The recent hostage crisis in Moscow was big. In fact, it was bigger than a lot of people realize.
Russia has made a statement to any and all terrorists that the state will sacrifice the lives of its own citizens in order to stand against terrorism. They have not only made a statement, but they have created policy. The crisis began when Chechen militants stormed a Moscow theatre and took 800 prisoners.
Following a standoff, Russian special forces stormed the building after using an undisclosed type of gas on the occupants. The result was the capture of the terrorists and the death of at least 116 civilians. In traditional Russian fashion, the rulers of the vast country have decided that civilians are expendable as long as the military takes out the terrorists, or invaders, who threaten their country.
I can understand the situation they are in. An entire nation, with several foreign, non-uniformed combatants has declared war against Russia and the Russian people. The same people who were subjugated by the Russians only a few generations ago are now coming to take the war to the homes of the Russian people, and they are very hard to stop.
Russia, much like any other modern country is a relatively easy to travel through and therefore easy for terrorist cells to infiltrate. In short, Russia is under almost as much siege as Chechnya is. This all leads to two things. The first, and most obvious, is that Russia is going to respond, if not officially, by escalating their speed in “clearing out” Chechnya of suspected terrorists and militants. This escalation will most likely provoke the Chechen terrorists and militants to respond in kind.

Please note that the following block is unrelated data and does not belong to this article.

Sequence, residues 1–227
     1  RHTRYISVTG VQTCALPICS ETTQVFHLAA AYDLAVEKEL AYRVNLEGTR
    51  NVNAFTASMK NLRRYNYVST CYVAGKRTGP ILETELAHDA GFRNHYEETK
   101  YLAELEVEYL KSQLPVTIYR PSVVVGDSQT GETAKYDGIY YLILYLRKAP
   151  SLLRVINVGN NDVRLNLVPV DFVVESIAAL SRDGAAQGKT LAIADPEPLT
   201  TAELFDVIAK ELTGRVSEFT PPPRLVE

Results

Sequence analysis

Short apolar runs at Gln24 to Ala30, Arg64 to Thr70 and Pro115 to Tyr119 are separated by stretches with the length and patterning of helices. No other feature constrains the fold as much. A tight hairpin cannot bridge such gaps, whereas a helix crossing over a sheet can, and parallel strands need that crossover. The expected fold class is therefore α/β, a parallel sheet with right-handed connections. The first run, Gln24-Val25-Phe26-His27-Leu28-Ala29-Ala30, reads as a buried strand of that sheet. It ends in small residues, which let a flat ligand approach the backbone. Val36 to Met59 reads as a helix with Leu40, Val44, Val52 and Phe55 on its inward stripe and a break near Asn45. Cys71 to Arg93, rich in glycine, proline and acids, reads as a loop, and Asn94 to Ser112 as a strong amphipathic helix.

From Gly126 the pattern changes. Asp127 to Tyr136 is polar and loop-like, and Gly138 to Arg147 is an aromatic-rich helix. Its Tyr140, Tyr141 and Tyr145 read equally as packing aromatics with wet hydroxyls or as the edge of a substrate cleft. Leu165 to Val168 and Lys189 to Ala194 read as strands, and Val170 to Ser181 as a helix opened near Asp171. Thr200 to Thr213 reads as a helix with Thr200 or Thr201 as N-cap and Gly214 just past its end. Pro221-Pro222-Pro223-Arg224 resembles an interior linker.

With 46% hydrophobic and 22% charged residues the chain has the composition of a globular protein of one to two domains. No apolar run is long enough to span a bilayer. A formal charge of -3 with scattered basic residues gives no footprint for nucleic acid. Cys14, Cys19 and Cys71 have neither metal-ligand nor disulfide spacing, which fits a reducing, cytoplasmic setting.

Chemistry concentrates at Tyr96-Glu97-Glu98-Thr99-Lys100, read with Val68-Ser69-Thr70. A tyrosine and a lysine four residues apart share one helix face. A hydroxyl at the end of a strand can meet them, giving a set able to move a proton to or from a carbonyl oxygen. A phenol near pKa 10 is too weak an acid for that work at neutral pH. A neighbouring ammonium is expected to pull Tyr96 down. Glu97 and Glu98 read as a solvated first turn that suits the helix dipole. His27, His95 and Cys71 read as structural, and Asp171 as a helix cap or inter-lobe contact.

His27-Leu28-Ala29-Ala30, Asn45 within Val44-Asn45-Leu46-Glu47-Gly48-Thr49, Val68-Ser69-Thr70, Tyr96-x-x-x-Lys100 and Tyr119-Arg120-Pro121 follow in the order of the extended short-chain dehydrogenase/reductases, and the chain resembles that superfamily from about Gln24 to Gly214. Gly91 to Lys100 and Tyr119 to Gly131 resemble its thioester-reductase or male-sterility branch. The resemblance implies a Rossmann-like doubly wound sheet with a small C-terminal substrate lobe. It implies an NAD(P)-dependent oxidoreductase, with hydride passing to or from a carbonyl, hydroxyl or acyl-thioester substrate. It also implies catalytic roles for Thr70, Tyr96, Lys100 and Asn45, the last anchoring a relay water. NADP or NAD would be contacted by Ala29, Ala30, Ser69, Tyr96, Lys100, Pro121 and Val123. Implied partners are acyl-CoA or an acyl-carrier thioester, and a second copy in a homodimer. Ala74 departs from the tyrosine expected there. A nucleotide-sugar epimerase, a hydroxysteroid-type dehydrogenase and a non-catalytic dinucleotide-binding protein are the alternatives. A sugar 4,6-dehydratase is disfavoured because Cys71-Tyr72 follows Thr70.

This is not a sentiment shared by Sergei Karaganov, head of the Council for Foreign and Defense Policy, who believes that the conflict in Chechnya has been a complete military blunder and both parties need to meet at the peace table. He does however believe that Chechnya should be isolated by Russia until the end of time however as demonstrated by his statement “Nothing should leave the place.”
The second of these two points is that Russia has struck the most important counter-blow against international terrorism. Some readers may be saying “But what about Afghanistan where we took out the Taliban?” My answer is that all it succeeded in doing was to disrupt the terrorist training camps, that were really too blatantly obvious as targets to begin with. Additionally, what message does attacking a sovereign state send to any terrorists?
Not much of one because the overwhelming majority of terrorist groups operate outside the limits of any national government. By demonstrating that its own civilians were worth more, or less depending on your point of view, than giving into terrorist threats, they have drawn a line that even the most narrow-minded, fanatical terrorist can understand and will think twice about before crossing again.